After seven hours of discussion, Avianca Brazil was able to approve its judicial recovery plan in a heated assembly of creditors held this Friday in São Paulo. Of the total creditors, 77 percent voted in favor of Avianca’s proposal, which should now be approved by Judge Tiago Limongi of the first Court of Bankruptcy and Judicial Recovery of the city of São Paulo. The plan involves the creation of seven units, which will be sold to pay the company debt.
GOL and LATAM announced last week a bid for Avianca’s assets. GOL has signed a binding agreement with investment funds Manchester Securities, Elliott Associates and Elliott International to make an alternative offer to acquire part of Avianca Brasil’s assets. The information is a material fact in the Brazilian Securities and Exchange Commission (CVM). Elliott is the largest creditor of Avianca Brasil in the judicial recovery process.
LATAM Brasil also indicated that it agrees to bid, with a minimum bid of $70 million, for at least one production unit isolated from Avianca Brasil and its respective assets, according to the proposal.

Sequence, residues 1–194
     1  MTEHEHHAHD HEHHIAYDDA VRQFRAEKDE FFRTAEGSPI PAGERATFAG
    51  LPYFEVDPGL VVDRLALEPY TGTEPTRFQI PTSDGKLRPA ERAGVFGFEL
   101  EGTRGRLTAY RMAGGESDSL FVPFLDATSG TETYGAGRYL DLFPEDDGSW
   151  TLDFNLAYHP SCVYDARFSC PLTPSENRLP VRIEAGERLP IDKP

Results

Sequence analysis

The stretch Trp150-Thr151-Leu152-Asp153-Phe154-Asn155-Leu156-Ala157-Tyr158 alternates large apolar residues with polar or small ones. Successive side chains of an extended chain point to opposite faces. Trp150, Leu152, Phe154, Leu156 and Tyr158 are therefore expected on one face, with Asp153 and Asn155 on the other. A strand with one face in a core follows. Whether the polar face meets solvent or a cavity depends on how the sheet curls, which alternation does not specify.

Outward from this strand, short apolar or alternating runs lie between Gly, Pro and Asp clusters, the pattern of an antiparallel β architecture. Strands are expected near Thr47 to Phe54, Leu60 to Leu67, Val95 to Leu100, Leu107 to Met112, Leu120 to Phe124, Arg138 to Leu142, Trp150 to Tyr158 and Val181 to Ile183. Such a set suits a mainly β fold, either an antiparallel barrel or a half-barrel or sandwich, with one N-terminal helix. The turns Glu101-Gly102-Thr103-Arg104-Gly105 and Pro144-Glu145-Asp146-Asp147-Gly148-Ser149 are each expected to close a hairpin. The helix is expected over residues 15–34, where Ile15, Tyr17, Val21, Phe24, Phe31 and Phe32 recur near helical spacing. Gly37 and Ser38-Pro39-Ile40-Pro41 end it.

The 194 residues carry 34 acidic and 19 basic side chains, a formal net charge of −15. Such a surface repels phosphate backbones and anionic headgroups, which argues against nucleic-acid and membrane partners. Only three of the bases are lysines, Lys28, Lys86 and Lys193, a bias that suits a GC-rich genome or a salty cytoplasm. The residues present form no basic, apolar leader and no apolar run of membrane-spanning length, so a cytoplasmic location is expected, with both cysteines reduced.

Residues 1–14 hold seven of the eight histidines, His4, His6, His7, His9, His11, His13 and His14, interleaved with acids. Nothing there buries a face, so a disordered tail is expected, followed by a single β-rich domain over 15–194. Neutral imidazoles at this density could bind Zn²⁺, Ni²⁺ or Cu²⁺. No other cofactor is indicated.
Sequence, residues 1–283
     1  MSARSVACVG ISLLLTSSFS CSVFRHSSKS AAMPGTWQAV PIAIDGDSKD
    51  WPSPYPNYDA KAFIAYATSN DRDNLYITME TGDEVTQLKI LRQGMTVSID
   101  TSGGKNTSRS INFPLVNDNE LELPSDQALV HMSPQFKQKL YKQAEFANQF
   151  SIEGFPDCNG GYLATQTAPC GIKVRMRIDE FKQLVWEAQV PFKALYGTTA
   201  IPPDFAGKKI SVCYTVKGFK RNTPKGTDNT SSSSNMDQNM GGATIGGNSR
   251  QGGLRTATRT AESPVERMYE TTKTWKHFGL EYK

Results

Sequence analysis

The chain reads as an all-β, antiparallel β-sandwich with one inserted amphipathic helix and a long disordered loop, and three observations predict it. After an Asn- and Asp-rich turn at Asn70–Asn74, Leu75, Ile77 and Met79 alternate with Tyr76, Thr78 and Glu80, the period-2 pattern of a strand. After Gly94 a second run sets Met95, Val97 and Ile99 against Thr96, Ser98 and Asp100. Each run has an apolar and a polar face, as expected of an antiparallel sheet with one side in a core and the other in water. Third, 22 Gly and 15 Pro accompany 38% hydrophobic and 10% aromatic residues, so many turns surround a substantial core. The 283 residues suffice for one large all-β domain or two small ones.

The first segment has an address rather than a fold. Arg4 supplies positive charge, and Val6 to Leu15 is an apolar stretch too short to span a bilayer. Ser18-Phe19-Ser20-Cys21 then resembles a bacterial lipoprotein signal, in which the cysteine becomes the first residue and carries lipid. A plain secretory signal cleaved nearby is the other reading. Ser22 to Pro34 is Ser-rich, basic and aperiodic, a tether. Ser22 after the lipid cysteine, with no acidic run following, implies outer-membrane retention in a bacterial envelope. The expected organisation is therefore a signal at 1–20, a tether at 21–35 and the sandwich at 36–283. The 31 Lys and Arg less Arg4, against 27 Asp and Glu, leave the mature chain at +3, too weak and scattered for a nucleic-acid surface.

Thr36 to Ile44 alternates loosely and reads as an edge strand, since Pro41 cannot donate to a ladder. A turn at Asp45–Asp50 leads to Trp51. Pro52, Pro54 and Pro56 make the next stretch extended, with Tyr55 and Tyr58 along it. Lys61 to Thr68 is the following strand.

Azul was the first airline to offer a bid to buy Avianca’s assets. It offered $105 million to buy assets that will include the air operator certificate, 70 pairs of slots and approximately 30 Airbus A320 aircraft. During the discussion of the plan, there was a heated debate between lawyers for Azul, Avianca, LATAM and the Elliott fund. In Azul’s view, there was little time for discussion of the Avianca proposal. In addition, Azul raised objections about excessive market concentration should Avianca’s UPIs fall into the hands of GOL and LATAM.
With this deal, Azul has the possibility to increase participation in the domestic market from 17.8 percent to 30 percent, very close to GOL and LATAM, creating a balanced market share.
The Administrative Council for Economic Defense – CADE, the government agency, which regulates competition in Brazil, already manifested its position in favor of Azul to create more competition. The next few weeks will be decisive to determine the fate of Avianca Brazil.
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